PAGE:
A 25-year-old man was recently arrested on charges of assault with a deadly weapon when he allegedly attacked and stabbed members of a Sacramento musical group, the Slaves, with a large, “Rambo-type’ hunting knife. Local law enforcement officials have now classified the occurrence as a hate crime. Members of the Slaves were injured, including the lead guitarist, whose hand was broken during the incident as he attempted to protect a friend and fellow band mate. However, none of the musicians sustained life-threatening injuries and are expected to continue with their planned gigs. Police determined that the attack was motivated by hate after learning that homophobic slurs were used during the attack, which seems otherwise unprovoked.
According to California law, sentencing enhancements may come into play when it is clear that a particular crime has been motivated by hatred for another person or group of persons due to their membership, or assumed membership, in a particular protected class. These include crimes motivated by hatred for another individual or group of individuals based on their sexual orientation, disability status, ‘race,’ ethnicity, religion, or the like. As the alleged perpetrator of the aforementioned crime stands accused of assault with a deadly weapon, often more commonly referred to as an “ADW” (CA Penal Code 245), he may already be looking at a variety of penalties.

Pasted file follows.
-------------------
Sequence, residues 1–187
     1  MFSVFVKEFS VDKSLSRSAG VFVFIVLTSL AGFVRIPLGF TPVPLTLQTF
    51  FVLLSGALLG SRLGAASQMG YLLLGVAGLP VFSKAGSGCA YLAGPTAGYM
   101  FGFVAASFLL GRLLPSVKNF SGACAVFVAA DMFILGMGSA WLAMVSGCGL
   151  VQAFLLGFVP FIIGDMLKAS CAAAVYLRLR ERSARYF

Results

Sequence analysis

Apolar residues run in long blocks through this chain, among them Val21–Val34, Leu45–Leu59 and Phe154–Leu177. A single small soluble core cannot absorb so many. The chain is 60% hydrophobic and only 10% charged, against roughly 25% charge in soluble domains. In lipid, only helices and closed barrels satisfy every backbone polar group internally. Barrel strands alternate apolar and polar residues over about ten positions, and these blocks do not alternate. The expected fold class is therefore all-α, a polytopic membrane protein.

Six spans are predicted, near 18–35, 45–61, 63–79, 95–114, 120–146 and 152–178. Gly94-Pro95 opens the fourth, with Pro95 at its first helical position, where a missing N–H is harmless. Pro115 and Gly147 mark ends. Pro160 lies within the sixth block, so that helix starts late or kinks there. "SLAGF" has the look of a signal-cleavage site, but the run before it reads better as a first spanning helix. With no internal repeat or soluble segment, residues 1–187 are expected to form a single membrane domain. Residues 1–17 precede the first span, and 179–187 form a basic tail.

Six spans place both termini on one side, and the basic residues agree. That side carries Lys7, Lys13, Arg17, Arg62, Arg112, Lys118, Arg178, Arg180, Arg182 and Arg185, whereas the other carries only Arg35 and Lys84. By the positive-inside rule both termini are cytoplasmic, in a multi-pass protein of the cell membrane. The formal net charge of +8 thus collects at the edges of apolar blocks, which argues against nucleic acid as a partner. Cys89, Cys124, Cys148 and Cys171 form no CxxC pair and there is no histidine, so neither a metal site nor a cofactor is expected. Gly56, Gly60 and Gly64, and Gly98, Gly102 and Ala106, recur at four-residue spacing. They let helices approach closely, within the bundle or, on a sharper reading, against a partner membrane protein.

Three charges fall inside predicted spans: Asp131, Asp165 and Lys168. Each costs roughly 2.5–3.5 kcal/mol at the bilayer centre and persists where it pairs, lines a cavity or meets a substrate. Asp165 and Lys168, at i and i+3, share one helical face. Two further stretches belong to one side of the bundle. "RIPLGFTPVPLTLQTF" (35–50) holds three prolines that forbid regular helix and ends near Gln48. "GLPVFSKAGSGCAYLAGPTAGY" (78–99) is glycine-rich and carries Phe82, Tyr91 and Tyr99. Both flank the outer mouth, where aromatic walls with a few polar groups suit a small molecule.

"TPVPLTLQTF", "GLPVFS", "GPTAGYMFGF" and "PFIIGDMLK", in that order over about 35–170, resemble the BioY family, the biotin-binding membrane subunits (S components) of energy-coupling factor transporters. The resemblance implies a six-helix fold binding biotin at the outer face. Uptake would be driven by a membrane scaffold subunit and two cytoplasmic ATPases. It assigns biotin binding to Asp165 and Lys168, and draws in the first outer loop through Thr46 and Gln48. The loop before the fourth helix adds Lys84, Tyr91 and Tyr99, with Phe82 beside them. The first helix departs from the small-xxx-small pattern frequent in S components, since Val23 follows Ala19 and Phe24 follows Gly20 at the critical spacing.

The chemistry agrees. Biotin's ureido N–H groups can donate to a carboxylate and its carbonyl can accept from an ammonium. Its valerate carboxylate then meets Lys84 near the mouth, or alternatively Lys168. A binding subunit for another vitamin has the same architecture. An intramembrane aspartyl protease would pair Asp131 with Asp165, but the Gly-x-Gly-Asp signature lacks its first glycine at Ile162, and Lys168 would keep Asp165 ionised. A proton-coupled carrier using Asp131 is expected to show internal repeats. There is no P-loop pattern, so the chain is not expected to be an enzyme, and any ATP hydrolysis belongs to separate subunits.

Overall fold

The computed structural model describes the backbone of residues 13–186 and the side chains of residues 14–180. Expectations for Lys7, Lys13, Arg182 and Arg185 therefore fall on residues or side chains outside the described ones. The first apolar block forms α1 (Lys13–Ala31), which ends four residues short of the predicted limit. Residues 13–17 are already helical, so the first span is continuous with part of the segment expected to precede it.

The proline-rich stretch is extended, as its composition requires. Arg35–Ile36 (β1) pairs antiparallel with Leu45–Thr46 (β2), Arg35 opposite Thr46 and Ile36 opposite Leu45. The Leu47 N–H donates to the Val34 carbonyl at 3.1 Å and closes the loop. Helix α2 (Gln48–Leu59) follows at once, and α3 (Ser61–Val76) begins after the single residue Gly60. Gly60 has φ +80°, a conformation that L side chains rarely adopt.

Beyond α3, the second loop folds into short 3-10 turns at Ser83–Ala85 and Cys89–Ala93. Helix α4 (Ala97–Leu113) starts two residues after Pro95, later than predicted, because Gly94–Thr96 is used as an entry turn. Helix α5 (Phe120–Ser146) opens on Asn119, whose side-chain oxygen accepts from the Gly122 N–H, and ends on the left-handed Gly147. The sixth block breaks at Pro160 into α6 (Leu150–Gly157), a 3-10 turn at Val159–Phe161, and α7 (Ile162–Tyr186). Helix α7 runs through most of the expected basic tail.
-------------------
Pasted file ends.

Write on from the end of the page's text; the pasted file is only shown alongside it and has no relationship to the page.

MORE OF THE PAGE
An ADW is a ‘wobbler’ in California, meaning that prosecutors must determine, depending on the fact of the case at hand, whether they will treat it as a misdemeanor or as a felony. Felony charges will likely result in this particular case due to the violence inherent in the attack. Penalties for such an assault with injuries often include up to 4 years in state prison.
However, there is also the matter of the crime being designated as a ‘hate crime’ to consider (CA Penal Code 422.55, 422,6, 422.7, and 422.75). ‘Hate crime’ penalties for felony charges include an additional maximum of 3 years in prison, to be added to whatever sentence is handed down by the court pertaining to the original crime.
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